And then one day there it was. This extremely thin, strong, stable, and beautiful glass curved object was sitting in my lab. Apart from a single curved glazed dome in a German doctoral study, Gregor was the first to demonstrate the potential these curved glass structures hold. He disseminated the findings of his thesis in a publication in a conference held in fall 2010 in Shanghai, the host of the World Expo. But I am ahead of the story. On Class Day, I got to meet Gregor’s parents and brother. I enjoyed the ceremony in particular because I knew that Gregor was going to win not one but two prizes. He rightly won the George J. Mueller Award for “combining high scholarly achievement in the study of engineering with quality performance in intercollegiate athletics” and the Moles Award for “outstanding promise in construction engineering and management.” I enjoyed the close relationship that I formed with Gregor over my first year in Princeton. I think this friendship will last long past graduation.
Student reflection by Gregor J. Horstmeyer: Engineering students are afforded the luxury of considerable flexibility when choosing their theses. One can do anything from design and build a novel apparatus, undertake seminal research in unexplored areas of study, write a historical perspective on major contributions to a field of study, or anything in between. My thesis involved a physical project in conjunction with a numerical analysis and a written supplement—yes, even though you are an engineer, you do need to show you can form a complete sentence before they’ll hand you a diploma. My project combined three primary interests: engineering, materials science, and art. Ultimately, I designed, fabricated, tested, and analyzed a structural glass canopy.
In the spring of my junior year, I began to search for both an adviser and a topic. As I sat and spoke with Professor Sigrid Adriaenssens, she learned of my prior work with art glass and insisted that we undertake a project involving that surprisingly complex medium. Looking back on those early meetings, I recall the two of us in a frenzy as we brainstormed potential thesis ideas. After a few meetings, we settled on a topic that excited both of us. That brings me to my first point of advice: Investigate something that really excites you intellectually.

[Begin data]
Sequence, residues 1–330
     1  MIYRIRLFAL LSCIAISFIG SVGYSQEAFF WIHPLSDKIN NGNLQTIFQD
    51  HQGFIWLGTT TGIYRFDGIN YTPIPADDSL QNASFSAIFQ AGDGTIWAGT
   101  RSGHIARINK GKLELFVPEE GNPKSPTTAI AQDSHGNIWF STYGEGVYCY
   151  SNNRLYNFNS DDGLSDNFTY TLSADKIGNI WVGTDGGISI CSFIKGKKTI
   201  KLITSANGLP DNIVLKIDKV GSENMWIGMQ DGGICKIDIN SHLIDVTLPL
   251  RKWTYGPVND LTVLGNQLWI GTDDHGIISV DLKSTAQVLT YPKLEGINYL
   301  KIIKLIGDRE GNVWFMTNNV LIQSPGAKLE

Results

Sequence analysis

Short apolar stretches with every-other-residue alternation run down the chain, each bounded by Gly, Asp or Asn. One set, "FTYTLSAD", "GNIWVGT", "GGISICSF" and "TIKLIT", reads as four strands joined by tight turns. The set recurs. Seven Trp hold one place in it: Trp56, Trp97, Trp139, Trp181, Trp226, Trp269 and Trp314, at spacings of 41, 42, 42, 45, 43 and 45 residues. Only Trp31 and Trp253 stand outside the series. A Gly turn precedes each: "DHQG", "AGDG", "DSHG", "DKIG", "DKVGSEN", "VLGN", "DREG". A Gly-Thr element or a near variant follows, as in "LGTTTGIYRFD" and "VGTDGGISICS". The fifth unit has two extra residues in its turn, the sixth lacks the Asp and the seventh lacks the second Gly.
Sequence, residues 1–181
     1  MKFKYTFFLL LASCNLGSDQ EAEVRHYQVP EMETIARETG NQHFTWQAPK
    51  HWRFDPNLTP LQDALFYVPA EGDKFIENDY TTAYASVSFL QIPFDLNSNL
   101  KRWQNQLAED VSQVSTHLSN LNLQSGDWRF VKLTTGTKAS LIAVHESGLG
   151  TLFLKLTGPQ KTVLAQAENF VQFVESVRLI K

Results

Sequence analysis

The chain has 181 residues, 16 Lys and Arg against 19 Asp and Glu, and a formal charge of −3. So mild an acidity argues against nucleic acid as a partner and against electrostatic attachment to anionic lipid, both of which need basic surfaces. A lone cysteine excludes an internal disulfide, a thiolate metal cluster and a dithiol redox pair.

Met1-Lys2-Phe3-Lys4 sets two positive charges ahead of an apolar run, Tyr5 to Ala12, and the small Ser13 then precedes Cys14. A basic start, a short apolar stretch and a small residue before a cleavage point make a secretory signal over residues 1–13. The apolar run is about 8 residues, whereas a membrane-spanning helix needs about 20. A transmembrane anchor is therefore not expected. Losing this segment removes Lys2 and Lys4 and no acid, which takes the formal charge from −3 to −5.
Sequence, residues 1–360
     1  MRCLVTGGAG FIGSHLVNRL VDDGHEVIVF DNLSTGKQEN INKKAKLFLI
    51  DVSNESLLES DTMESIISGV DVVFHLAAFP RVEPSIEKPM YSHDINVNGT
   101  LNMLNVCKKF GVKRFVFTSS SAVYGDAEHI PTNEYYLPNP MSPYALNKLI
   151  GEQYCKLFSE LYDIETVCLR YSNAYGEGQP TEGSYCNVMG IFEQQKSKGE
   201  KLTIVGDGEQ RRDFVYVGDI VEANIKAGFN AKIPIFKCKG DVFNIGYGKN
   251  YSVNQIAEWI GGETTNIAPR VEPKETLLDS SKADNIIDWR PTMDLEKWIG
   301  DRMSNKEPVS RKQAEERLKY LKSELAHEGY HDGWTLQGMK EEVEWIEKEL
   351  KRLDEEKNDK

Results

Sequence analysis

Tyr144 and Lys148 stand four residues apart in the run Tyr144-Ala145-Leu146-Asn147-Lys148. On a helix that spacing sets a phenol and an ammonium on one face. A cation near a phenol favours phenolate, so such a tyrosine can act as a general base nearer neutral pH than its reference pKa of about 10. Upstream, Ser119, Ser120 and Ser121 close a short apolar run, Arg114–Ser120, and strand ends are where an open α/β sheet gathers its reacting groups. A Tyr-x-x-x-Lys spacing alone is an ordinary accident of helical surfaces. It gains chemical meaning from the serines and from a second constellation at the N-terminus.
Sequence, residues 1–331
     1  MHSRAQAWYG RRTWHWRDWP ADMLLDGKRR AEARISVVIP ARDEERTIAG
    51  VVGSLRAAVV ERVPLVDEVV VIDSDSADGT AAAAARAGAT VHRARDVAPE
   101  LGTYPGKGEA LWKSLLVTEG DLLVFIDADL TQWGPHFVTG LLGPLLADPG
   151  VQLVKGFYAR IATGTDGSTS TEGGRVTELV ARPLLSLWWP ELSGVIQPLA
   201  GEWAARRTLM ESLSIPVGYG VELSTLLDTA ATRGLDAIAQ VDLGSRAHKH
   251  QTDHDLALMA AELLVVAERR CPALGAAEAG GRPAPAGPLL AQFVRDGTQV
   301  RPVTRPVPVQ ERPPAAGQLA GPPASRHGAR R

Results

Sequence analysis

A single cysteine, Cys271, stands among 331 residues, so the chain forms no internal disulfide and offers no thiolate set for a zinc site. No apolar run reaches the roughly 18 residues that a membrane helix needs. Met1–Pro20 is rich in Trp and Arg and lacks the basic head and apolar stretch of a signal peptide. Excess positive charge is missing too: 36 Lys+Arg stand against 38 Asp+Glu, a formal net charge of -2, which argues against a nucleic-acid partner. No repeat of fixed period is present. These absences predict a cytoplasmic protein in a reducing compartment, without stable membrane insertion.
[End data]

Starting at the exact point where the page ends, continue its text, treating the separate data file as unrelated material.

Leaving Princeton that summer, I had a general idea of the tasks I needed to accomplish before the start of the fall semester. My adviser and I drew up an initial timeline of objectives. It was necessary to explore the constructional feasibility of the glass canopy and the fabrication of the individual glass elements. Both of these tasks involved experimentation with glass heating and forming techniques.
It did not take long for me to fall victim to Murphy’s Law: What can go wrong will go wrong. Luckily, my lack of full-time summer employment allowed me ample opportunity to sort through all the problems that cropped up. As I troubleshot for answers, I had a glimpse into the world of experimental research. Starting my thesis work the summer before senior year was invaluable for the successful completion of my project. I returned to campus in the fall with a more refined idea of what I was going to be examining, a better idea of the scope of my project, and a long and clear list of questions I needed to address. Point number two: Start early.
Sifting through books, journals, and research papers in search of the answers to your list of questions can feel like an overwhelming task at the beginning. The research process actually adds questions to your list, and answers you think you arrive at are continually refined and updated. In biweekly meetings with my adviser, we were able to examine my work through my ever-changing list of tantalizing questions. No adviser will be upset with you for showing up at a meeting with questions; if anything, this demonstrates that you are actually doing the work. These regular meetings were great learning experiences for both of us. I would arrive with answers (hopefully) to questions posed the previous week and explain my reasoning. We would then discuss any new questions and possible avenues for answers. Point three: Meet often and regularly with your adviser.
There were always problems that we could not work through or that a paper would raise without sufficient explanation. In these instances, I found it to be incredibly helpful to go directly to the source and contact the author. Most academics will be more than happy to try to answer any specific questions you might have about their work. They are both excited and flattered to find that someone else is genuinely interested in their life’s work. Almost everyone was kind enough to give me an e-mail response to my queries, and in some cases I ended up meeting individuals for coffee. Advice from leaders in your field of research, in addition to the guidance of your adviser, often proves invaluable to your thesis. Number four: Be proactive and ask questions of the experts.